Due to the issuance of new contracts
for Recovery Audit Contractors (RACs), the Centers for Medicare & Medicaid
Services (CMS) announced it will only perform post-payment manual medical
reviews for therapy services provided over $3,700 for dates of service that
began February 28, 2014.
ASHA and the therapy advocacy community were
notified by CMS of this clarification on March 19, 2014.
Current RACs are
instructed to stop processing initial Additional Documentation Requests (ADR) in
February, and Medicare Administrative Contractors (MACs) will stop notifying
RACs of pre-payment reviews with dates of service after February 28. All claims
will be processed and documentation requests held for post-payment review by new
contractors once contracts have been implemented. The last date for the current
RACs to send payment adjustment recommendations to the MACs is June 1, 2014.
The manual medical review process legislation expires on March 31, 2014. If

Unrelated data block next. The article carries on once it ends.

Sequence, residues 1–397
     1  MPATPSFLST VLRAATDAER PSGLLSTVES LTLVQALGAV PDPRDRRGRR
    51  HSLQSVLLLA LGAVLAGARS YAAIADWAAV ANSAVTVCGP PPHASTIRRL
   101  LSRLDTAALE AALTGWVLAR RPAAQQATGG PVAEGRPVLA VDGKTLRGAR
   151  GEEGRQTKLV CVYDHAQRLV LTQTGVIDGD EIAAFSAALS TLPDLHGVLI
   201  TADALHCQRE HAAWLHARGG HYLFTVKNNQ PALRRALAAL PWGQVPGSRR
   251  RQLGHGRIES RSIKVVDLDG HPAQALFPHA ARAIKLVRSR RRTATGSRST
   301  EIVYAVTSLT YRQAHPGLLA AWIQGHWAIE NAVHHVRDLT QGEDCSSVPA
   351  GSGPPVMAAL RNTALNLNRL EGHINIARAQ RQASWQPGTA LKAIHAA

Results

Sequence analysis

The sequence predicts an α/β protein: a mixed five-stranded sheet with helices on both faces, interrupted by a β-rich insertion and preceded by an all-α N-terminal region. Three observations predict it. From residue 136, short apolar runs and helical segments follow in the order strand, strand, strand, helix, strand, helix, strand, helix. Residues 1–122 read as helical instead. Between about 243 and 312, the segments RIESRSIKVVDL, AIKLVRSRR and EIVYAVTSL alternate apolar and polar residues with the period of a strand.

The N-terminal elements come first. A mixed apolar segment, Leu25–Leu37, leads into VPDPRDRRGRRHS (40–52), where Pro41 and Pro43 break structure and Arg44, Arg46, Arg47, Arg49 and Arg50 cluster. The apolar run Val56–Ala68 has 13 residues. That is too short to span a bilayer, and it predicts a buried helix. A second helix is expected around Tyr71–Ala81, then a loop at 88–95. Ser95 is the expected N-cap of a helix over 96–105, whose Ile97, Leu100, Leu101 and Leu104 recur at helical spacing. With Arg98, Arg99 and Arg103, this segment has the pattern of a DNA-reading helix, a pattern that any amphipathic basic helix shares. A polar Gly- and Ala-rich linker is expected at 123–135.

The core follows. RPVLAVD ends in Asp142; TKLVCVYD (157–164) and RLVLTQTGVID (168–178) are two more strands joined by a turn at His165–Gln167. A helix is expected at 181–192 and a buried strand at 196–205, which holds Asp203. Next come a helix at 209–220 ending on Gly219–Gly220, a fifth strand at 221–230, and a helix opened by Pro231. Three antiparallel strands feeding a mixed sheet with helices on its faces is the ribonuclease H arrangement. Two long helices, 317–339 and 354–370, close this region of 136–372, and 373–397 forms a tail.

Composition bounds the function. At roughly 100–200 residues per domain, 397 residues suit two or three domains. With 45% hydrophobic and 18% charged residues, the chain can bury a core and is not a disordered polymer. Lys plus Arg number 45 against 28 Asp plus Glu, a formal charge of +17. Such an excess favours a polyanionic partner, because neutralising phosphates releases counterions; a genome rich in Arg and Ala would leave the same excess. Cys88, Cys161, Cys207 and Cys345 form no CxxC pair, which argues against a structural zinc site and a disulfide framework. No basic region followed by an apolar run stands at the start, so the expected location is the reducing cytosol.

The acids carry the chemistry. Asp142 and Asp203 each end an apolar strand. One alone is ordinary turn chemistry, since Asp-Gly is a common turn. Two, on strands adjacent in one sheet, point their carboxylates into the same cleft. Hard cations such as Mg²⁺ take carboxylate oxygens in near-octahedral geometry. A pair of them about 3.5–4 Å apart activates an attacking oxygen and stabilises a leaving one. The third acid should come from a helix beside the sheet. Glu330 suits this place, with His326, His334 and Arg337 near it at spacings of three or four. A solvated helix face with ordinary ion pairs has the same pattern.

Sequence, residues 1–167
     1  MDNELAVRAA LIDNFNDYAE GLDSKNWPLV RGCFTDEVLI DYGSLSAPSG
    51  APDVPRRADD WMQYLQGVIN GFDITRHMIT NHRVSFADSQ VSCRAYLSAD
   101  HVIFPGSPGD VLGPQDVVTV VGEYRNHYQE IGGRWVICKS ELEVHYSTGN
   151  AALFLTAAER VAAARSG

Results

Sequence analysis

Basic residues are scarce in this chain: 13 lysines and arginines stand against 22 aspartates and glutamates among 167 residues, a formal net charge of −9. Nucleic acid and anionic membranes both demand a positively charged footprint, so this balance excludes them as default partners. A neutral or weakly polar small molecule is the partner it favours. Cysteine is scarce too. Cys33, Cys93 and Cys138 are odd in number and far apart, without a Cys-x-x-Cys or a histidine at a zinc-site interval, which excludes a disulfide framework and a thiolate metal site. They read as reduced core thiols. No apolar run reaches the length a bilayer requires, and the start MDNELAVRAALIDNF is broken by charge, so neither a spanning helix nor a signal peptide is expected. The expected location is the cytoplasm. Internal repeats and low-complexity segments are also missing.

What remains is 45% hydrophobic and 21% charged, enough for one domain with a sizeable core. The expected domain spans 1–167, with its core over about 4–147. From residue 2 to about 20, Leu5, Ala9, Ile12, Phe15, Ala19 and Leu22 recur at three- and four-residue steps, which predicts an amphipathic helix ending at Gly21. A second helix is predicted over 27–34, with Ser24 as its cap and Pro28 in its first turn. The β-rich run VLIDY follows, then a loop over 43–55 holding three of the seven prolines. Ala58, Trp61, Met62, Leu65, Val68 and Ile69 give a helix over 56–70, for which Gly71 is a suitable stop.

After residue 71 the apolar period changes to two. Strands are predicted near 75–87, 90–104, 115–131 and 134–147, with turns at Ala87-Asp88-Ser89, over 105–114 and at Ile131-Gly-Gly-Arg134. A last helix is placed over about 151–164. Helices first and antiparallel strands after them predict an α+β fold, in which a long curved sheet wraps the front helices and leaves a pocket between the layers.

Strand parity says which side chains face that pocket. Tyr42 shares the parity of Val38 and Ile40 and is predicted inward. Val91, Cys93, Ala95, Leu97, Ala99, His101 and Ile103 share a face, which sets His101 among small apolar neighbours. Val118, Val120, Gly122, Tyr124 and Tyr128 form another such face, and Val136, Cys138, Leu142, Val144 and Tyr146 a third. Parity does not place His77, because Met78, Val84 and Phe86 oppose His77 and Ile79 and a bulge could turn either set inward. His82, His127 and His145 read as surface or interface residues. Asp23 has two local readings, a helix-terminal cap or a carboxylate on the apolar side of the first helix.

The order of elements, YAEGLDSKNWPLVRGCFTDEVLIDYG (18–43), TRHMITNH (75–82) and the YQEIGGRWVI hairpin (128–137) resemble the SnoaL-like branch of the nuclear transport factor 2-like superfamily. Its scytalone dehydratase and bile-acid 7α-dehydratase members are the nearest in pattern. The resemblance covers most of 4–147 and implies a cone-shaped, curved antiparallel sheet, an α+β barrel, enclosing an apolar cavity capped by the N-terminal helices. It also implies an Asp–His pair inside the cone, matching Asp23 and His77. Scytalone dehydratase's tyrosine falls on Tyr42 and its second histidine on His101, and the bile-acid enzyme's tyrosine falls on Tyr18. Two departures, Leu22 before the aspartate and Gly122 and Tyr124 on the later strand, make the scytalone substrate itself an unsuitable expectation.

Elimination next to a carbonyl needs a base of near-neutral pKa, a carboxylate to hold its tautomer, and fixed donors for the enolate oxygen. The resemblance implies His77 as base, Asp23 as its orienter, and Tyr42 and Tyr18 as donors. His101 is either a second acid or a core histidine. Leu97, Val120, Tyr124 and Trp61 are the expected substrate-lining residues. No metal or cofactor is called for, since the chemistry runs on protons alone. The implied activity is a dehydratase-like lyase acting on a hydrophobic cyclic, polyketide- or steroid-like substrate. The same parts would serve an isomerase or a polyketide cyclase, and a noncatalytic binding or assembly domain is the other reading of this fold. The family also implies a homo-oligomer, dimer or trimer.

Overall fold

Congress extends the review for 2014, CMS anticipates that the post-payment
process will continue. Those providers in pre-payment states will likely not
switch back from post- to pre-payment again in 2014. CMS was unable to release
any time frame for the new RAC contracts.
should continue to respond to ADRs and be aware that services provided over the
$3,700 threshold (for physical therapy and speech-language pathology services
combined) may eventually require justification and possibly a re-payment of
funds if found to be not medically necessary.
2012, a manual medical review process for Medicare Part B therapy services that
exceed a $3,700 threshold was mandated by the Middle
Class Tax Relief and Job Creation Act of 2012 and was extended until March
31, 2014. The mandate requires any therapy claims for combined speech-language
pathology and physical therapy that reach $3,700 to be reviewed for medical
necessity. After some difficulty with the MAC reviews, CMS determined that the
RACs were better equipped for the review process and, beginning April 1, 2013,
initiated pre- and post-payment review processes implemented by states.
Providers in post-payment states receive payment prior to review, with the
risk of the recovery of funds after medical review. Under the previous process,
claims in pre-payment states were stopped prior to payment and awaited review,
and then were paid. Pre-payment states included Florida, California, Michigan,
Texas, New York, Louisiana, Illinois, Pennsylvania, Ohio, North Carolina, and
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